These production numbers finally pointed to a future where the U.S. wasn’t partially shackled to the instability and war-torn Middle East for a significant amount of its energy supply.   Indeed, the production looked so bright that President Obama signed into law on December 18, 2015, a repeal of the 40-year old Crude oil export ban.  

With all this potential to achieve victory and rid ourselves from the whims of the Oil Producing Export Countries (OPEC), Energy Fairness is very concerned that in pursuing a ban on future oil and gas leases, we are “snatching defeat from the jaws of victory.” Moreover, is this move by the Administration just the “camel’s nose under the tent” when it comes to the domestic curtailment of an affordable and reliable oil and gas supply? What’s next?  More regulatory hurdles for permitting and constructing the pipeline infrastructure needed to deliver this energy to industrial and residential consumers.

The questions we don’t need to be answered ask what dire economic impact a ban on future federal oil and gas leases would have on the economies of states that depend on these revenues the most.  We know the answer.  Take New Mexico, for instance.   At 18.2%, New Mexico has the 3rd highest poverty rate in the nation and just under double the national average of 10.5%.  

Even more unacceptable, and quite frankly unbelievable, is that more than one in four New Mexico children lives in poverty at 26.3%. That’s the highest in the nation!   According to DOI’s Office of Natural Resource Revenue, New Mexico received just under $707 million in revenues from oil and gas production on Federal lands from within the state.  

Maybe the potential loss of these staggering revenues is what prompted New Mexico’s 2019 Teacher of the Year, Jessica Sanders, to state in a recent Albuquerque Journal op-ed that “Oil and gas in New Mexico have provided a critical $1.37 billion for education, accounting for over one-third of the state’s education budget… if a federal leasing ban becomes permanent, New Mexican students will suffer.”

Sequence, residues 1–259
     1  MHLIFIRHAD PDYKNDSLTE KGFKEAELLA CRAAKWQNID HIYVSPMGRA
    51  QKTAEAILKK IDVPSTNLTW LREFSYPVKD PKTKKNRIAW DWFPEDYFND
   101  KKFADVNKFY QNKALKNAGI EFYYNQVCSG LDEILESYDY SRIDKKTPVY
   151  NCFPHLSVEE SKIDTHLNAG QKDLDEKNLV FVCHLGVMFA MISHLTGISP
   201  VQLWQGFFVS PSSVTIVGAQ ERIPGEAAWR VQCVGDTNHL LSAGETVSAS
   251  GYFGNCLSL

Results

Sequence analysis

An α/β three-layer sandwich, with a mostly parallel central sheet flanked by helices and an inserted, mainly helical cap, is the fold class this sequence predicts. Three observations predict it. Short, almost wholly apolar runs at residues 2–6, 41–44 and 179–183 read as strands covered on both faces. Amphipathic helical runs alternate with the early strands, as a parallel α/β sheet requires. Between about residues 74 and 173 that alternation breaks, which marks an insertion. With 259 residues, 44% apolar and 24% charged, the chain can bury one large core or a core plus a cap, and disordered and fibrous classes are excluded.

Sadly, Jessica is correct, but it’s not just New Mexico’s students who will suffer.   All Americans will suffer as our access to the bountiful supply of affordable oil and natural gas on Federal lands is put into question through the short-sightedness espoused in EO 14008.

Other states throughout the U.S. also stand to lose significant tax revenue for conservation funding if the DOI persists with its ban on federal leasing.  In addition to New Mexico, the DOI announced in March the disbursement of $249 Million in fiscal year 2020 to the Gulf states of Texas, Louisiana, Alabama, and Mississippi for coastal conservation, among other critical programs.  DOI admirably boasted that the “action represents the second-largest disbursement since the Department first began disbursing [Gulf of Mexico energy] revenues” since 2009.  Yet all of this revenue could dry up with a pause or moratorium on federal leasing for any period of time.

For additional reference, I have included Energy Fairness op-eds that have appeared in the Las Cruces Sun, the Greeley Tribune, and the Casper Star-Tribune, discussing similar themes addressed in these comments.